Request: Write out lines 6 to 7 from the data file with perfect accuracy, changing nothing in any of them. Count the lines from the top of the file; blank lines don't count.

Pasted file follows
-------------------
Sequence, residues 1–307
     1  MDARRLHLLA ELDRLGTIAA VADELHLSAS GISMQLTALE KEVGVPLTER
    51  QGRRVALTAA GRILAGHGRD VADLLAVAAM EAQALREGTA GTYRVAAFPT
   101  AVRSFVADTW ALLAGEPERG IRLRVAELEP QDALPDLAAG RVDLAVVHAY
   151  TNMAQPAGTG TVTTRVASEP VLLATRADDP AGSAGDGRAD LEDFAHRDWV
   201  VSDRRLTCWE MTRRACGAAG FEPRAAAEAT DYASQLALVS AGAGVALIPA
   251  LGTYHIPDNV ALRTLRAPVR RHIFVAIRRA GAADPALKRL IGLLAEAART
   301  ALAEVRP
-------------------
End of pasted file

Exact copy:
   201  VSDRRLTCWE MTRRACGAAG FEPRAAAEAT DYASQLALVS AGAGVALIPA
   251  LGTYHIPDNV ALRTLRAPVR RHIFVAIRRA GAADPALKRL IGLLAEAART